Ah, opening the windows and breathing in some fresh air. It feels clean, refreshing, and invigorating. We naturally associate the idea of fresh air with health and well-being. 

However, do you know what fresh air means? We’re surrounded by airborne particles, grime, and other risks that we don’t recognize. Why so? Because, more often than not, we don’t spot these risks at first sight. In many cases, you can’t see danger without specialized lab equipment. But just because you can’t see it doesn’t mean that what we call fresh air is clean, pure, and healthy. Here are some considerations to bear in mind next time you need some fresh air. The air can be a source of disease, dirt, and health risks. No, it doesn’t mean you should wear a breathing mask at all times! But, you should keep your ‘fresh air’ in check! 

Air can transport dirt and grime

If you live in a busy city center, chances are that you can tell clear from dark days, based on car fumes only. However, more often than not, households can’t see air pollution. If you live on the outskirts of town, or away from the main roads, you can’t spot minute differences in the air. Pollution? Surely, you would see it if the air was dirty. Here’s the thing: You can see it. The grime and dirt that accumulate on your windows is the result of particles that are transported in the air.

When it comes to house maintenance, you’ll find that scheduling regular professional window cleaning is generally the quickest way to deal with the issue. Where does the dirt come from? According to professional cleaners, the dirt on your windows can come from transport fumes, as particles can be transported through the air across long distances. You will also find crystallized raindrops and fog that contain dirt, dust, minerals, and even some chemical elements. Dust from your ventilation unit can make it to the windows if you’ve got an external unit that filters dirt and vapor. 

No visible dirt doesn’t mean the air is clean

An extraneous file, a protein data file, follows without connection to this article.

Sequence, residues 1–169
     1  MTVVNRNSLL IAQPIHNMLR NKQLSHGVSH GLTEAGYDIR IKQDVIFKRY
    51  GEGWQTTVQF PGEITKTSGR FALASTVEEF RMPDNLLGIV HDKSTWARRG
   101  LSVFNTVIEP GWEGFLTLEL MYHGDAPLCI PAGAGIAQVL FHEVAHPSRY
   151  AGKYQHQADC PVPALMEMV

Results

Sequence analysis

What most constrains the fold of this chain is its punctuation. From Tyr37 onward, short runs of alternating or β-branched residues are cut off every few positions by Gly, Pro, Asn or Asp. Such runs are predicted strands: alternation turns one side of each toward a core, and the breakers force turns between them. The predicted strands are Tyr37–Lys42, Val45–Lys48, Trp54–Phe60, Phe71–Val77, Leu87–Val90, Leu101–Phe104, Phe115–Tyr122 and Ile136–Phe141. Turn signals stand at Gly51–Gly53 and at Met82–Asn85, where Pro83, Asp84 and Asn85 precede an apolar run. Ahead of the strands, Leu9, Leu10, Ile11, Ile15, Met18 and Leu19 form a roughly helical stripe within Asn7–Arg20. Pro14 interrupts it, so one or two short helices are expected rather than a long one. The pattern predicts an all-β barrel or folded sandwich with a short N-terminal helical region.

No car fumes indoors! At least, you can be sure your air is clean. But is it? Indoor air pollution is responsible for millions of deaths every year around the world. While most cases occur in developing countries where crop waste, burning, and dung from cooking can have devastating consequences, indoor air pollution claims lives in North America too.

Chemical cleaning products, synthetic fabrics, and materials, wall paints, building materials, fragrances, clothes, dust are some of the many harmful particles that live within your indoor air. They can cause respiratory diseases, headaches, allergies, and even affect your mood. Air filtering and air purifying devices can transport your home. 

It can be too fresh

Who doesn’t love the refreshing A/C unit in summer? A cool home is a wonderful thing. However, overcooling your home can affect your immune system and make it hard to fight off germs and viruses. There is such a thing as fresh air that is too fresh. If you love a fresh interior, invest in a programmable thermostat to ensure you don’t put your family at risk. 

Is fresh air a health risk? Not per se, but it can hide invisible dangers that will affect your immune system, from air pollution to overcooled air. In short, if you’re going to enjoy some fresh air, use your common sense to avoid risks.